It was said to be one of the most important budgets in Australia’s history, but as is often the case, there wasn’t a lot on offer for property investors.
However, as we’ve seen over the past 12 months, there continues to be a large focus on helping first home buyers get into the property market.
The 2021-22 budget contained a range of positive measures aimed at social housing issues, with a new focus also on single-parent homes.
Family Home Guarantee for Single Parents
The most notable new inclusion into the Federal Government Budget was the Family Home Guarantee. This is a program that on the surface appears to be very similar to the FHLDS.
This program will allow single parents to purchase a home with as little as a 2% deposit and this will be available to 10,000 households over the next four years.
First Home Super Saver Scheme
The First Home Super Saver Scheme has been in place for a number of years, however, this year’s budget has increased the limit of super that first home buyers can access.
Previously a first home buyer was able to access $30,000 of super and this has not been raised to $50,000.
New Home Guarantee
The New Home Guarantee, which many people might know as the First Home Loan Deposit Scheme (FHLDS) was bought back for another year, with 10,000 again available.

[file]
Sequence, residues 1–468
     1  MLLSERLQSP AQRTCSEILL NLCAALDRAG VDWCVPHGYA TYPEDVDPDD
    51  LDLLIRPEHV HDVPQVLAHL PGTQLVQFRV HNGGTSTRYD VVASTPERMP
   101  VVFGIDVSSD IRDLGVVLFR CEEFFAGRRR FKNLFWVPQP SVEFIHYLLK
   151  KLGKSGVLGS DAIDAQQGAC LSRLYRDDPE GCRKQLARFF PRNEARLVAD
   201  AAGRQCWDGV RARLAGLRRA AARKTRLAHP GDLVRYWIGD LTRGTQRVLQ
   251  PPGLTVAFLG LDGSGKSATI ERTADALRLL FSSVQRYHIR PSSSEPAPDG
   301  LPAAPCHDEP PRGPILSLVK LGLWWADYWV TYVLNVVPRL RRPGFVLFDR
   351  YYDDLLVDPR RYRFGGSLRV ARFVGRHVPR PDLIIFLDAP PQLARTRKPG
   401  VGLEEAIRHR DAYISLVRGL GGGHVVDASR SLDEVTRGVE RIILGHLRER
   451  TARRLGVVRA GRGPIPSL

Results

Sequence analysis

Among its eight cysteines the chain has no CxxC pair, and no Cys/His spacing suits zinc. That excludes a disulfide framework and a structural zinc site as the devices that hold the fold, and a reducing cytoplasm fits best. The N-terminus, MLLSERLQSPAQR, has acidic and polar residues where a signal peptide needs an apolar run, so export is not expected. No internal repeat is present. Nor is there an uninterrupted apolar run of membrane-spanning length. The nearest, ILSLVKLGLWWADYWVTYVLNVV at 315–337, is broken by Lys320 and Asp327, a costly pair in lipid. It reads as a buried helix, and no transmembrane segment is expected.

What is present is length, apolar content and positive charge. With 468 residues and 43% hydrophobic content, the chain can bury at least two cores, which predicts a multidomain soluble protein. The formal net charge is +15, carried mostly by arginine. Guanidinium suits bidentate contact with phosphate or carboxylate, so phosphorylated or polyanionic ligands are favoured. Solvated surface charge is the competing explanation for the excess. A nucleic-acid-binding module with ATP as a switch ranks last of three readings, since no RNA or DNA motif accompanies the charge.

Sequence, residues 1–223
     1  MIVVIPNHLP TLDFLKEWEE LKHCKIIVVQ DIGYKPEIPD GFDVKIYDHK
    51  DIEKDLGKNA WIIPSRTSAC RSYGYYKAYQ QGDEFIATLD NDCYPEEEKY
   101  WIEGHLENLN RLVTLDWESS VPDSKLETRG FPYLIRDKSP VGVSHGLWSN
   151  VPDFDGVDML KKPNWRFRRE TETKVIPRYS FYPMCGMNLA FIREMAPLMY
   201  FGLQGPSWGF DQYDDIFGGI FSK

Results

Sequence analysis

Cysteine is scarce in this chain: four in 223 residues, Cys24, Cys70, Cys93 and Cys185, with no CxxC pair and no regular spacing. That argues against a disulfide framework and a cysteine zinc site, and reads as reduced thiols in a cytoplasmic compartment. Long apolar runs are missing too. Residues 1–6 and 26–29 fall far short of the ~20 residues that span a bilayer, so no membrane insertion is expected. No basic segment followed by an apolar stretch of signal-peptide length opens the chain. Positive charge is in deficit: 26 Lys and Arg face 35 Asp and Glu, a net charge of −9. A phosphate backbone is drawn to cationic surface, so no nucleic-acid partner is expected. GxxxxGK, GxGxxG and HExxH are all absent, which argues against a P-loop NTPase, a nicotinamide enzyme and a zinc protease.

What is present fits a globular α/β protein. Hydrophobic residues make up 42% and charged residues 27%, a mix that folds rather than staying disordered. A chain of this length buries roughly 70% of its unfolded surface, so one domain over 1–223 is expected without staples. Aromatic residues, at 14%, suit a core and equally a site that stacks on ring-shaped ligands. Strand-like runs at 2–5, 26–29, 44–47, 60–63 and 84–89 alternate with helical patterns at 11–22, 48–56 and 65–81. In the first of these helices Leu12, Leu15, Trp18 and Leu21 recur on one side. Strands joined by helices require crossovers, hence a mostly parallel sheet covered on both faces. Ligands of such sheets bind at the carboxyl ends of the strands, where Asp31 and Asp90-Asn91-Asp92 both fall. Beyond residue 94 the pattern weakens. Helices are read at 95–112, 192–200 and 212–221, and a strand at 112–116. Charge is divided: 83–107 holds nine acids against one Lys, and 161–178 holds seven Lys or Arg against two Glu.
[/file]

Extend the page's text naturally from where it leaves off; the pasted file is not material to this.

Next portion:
This program allows first home buyers to put down as little as a 5% deposit, without the need to pay Lenders Mortgage Insurance (LMI), with the Federal Goverment, effectively guaranteeing the deposit shortfall.
One of the highlights of the past 12 months, has been the HomeBuilder scheme, which saw a rush from many looking to build or renovate.
The scheme has now officially been wound down, however, as we know, the period in which construction needs to commence has been pushed out to 18 months, because of the log-jam of applicants that need to get started building in order to access the grants.
Overall, we saw very little for property investors, however, first home buyers continue to be at the forefront of the Federal Government’s thinking at the moment.
As house prices continue to rise across the country, affordable housing and the social issues that are associated with rising house prices will likely continue to be an issue for many years to come.